Department of Natural Resources officials say the plan complements and even overlaps Washington state’s 20-year forest management plan, passed in 2018. The state plan also focuses on controlled burns and thinned forests instead of fire suppression in tandem with more wildland fire-fighting capacity and community engagement around fire adaptation.

“We have on-the-ground proof that [this strategy] does work to help keep fires less severe, to return forests to a more historically resilient state,” says Will Rubin of the Department of Natural Resources.

Washington’s 20-year plan flagged 39 “priority areas”, including the Colville reservation, Gifford Pinchot and Okanogan-Wenatchee national forests, which are most in need of fire interventions. The state aims to intervene in 1.25 million acres of fire-prone landscapes by 2037. About half of those acres are on federal lands, which the state can co-manage through partnerships There are more than 400,000 acres of overlap between these priority areas and approximately 250,000 acres of fire sheds the Forest Service prioritized based on fire susceptibility and how damaging fire could be to lives or property. While DNR identified priority areas across the state, the Forest Service plan focuses on the Central and Eastern Washington areas it found most vulnerable.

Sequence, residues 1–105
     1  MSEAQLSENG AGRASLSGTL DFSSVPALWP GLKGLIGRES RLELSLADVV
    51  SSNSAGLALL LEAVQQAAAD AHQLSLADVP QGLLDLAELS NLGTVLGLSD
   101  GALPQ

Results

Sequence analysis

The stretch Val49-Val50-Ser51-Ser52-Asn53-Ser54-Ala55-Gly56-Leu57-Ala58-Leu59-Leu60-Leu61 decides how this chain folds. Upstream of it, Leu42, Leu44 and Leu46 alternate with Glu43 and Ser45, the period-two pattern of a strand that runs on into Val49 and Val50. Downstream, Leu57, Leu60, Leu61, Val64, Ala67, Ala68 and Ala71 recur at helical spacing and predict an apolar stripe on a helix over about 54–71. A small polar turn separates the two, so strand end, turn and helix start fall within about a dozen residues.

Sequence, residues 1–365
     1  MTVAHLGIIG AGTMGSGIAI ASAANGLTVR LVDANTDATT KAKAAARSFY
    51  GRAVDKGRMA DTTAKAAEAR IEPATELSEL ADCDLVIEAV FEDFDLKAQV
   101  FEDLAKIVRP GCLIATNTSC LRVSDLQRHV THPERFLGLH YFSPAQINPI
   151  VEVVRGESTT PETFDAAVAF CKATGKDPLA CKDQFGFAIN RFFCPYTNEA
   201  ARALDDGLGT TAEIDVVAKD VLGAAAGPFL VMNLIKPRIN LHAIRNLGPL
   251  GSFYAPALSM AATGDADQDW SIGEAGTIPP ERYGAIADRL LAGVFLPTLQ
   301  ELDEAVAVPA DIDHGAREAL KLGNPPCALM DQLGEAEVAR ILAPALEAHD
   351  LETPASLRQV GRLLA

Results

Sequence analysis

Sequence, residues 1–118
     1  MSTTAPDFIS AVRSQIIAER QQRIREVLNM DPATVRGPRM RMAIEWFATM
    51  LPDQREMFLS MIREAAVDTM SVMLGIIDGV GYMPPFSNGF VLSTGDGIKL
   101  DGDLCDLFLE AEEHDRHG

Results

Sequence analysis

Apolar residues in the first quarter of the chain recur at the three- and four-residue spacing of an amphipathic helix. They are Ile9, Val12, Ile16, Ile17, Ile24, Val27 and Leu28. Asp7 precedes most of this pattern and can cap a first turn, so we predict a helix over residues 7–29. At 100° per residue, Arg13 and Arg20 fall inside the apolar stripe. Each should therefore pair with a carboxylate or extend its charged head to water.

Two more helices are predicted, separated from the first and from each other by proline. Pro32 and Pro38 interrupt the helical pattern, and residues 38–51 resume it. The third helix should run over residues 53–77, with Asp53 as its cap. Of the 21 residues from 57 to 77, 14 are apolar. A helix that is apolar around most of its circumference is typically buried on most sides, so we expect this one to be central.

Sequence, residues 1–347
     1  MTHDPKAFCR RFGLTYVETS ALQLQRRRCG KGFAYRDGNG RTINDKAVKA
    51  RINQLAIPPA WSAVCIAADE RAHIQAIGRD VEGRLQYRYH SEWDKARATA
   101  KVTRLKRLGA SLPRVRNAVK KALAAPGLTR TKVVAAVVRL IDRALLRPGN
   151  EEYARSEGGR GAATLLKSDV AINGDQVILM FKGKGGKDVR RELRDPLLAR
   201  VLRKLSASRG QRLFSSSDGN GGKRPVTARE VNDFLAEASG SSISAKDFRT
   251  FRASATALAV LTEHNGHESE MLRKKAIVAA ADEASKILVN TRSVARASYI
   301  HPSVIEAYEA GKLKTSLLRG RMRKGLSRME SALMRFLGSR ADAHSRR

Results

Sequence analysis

According to DNR, as of 2020, more than 1.3 million acres of national forest system land in Eastern Washington were identified as in need of treatment. Also according to the department, 166,000 acres of agency-managed land and 74,000 acres of “other state-owned lands” in Eastern Washington are due for treatment.